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Unparalleled scandal on MTV

A kiss seen around the world: At the MTV Video Music Awards in 2003, Madonna planted one on Britney Spears live onstage, causing an uproar. She'd taken to the stage after Spears and Christina Aguilera had paid tribute in song and dance to the '80s diva and wanted to thank them with a kiss — one which many viewers, including Britney's ex-boyfriend Justin Timberlake, found went on a bit too long.

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Kissing the war goodbye

US sailors and marines filled New York's Times Square on August 14, 1945 after hearing that Japan had capitulated, ending World War II. Their celebration was captured on film with this iconic kiss. It's a pose repeated by tourists to this day.

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Street photography

"Baiser de l'Hôtel de Ville" (Kiss by the Hôtel de Ville) is part of a series taken in Paris by photographer Robert Doisneau in the 1950s. This one is world-famous and has been sold as a poster or postcard a million times over. Many couples have come forward to claim it is their likeness (in order to gain royalties), but Doisneau had proof that it was a pair of actors.

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Golden kiss

The most famous of Gustav Klimt's paintings comes from his so-called Golden Phase, in which he used a gold bronze, reminiscent of Christian paintings from the late Middle Ages. The works of art gain a touch of preciousness with the color, employed here in "Kiss," a quadratic 180 x 180-centimeter piece completed between 1908 and 1909.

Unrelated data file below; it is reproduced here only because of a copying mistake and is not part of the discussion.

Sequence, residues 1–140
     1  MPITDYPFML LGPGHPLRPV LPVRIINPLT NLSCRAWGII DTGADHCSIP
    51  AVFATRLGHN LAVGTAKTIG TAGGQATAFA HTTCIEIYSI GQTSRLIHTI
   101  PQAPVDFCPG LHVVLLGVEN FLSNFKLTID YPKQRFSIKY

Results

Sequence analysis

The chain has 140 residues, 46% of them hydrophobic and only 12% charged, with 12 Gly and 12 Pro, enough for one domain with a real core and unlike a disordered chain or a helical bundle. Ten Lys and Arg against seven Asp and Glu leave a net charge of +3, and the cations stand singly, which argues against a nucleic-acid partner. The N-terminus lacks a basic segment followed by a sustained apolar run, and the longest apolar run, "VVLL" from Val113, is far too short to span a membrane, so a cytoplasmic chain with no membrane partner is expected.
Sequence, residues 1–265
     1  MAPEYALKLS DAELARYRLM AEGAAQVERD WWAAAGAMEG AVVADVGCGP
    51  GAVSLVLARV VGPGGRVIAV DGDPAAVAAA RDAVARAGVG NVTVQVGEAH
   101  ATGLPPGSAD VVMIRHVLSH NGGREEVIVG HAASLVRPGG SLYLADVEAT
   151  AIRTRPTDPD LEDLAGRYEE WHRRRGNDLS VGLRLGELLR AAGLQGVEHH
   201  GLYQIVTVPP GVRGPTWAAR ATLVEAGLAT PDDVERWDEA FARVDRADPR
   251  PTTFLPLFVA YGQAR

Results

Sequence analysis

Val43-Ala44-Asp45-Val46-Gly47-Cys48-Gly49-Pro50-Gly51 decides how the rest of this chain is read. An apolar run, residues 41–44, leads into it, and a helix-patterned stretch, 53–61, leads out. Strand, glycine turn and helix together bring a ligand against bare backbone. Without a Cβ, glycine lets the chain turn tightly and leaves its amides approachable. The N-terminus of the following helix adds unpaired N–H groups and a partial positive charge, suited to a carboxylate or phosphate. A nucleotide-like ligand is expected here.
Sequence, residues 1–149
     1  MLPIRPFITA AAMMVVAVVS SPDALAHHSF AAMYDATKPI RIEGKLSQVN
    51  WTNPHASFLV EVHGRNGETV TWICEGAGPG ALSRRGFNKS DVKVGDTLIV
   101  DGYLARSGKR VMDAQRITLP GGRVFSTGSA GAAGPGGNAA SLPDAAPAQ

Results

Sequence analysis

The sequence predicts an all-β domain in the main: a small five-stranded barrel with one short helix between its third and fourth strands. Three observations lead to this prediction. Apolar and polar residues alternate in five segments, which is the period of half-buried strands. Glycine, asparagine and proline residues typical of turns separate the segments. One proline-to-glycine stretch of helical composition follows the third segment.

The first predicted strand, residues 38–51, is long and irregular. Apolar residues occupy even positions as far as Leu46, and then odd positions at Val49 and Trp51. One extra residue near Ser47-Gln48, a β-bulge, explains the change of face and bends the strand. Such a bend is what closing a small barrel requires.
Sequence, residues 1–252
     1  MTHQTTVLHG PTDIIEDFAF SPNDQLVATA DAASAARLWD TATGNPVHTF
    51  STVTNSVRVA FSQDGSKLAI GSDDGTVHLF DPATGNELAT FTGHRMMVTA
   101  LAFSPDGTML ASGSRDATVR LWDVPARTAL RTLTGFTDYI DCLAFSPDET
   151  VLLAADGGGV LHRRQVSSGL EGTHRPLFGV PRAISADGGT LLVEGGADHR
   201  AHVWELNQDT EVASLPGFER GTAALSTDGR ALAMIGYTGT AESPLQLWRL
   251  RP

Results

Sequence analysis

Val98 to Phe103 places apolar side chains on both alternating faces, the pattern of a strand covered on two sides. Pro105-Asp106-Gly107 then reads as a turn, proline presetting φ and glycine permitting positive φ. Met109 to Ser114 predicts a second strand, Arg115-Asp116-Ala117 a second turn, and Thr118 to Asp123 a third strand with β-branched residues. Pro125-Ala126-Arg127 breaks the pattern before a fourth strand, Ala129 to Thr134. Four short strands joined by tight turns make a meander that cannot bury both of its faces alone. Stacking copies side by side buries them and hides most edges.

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Brotherly love

In former Eastern Bloc nations, statesmen greeted each other with the socialist brotherly kiss. It's an intense display of body contact that is said to show a greater connection between the parties than a mere handshake, as shown here in 1979 when former head of the East German state Erich Honecker (right) received Leonid Brezhnev, general secretary of the Communist Party of the Soviet Union.

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Kiss the trophy

Germany became world champions in the football world for the second time on July 7, 1974 (20 years after their first championship) after a 2-1 win against the Netherlands. President Walter Scheel (left) handed the trophy over to captain Franz Beckenbauer (center). Of course, every player had to take turn carrying it; when given the chance, goalie Sepp Maier couldn't resist planting one on the cup.

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Kiss of honor

Pope John Paul II traveled all over the world. In each place he landed, he kissed the ground, whether covered in dust or asphalt or mud puddles. It was his way of honoring the place, as shown here in 1986 in Fiji. People used to joke, though, that he only kissed the ground as a show of thanks for having landed safely after a long flight.

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Animal kisses

Disney does kitsch better than anyone and in "Lady and the Tramp," a 1955 animated film about two dogs in love, the moonlight in the background and a candlelit Italian dinner set the stage for romance. A violinist begins to play, the cook sings "Bella Notte," and a choir joins in while the dogs share a side of spaghetti until suddenly — a smooch.

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Kissing war

But kissing isn't only for humans and cartoons. In the animal kingdom, there are a number of species that lock lips — and not always out of love. Often, the kiss is actually a fight between two rivals. Kissing gouramis, for example. The animals push against each other on their lips until one finally gives in and moves aside to find space elsewhere. A kissing contest, if you will.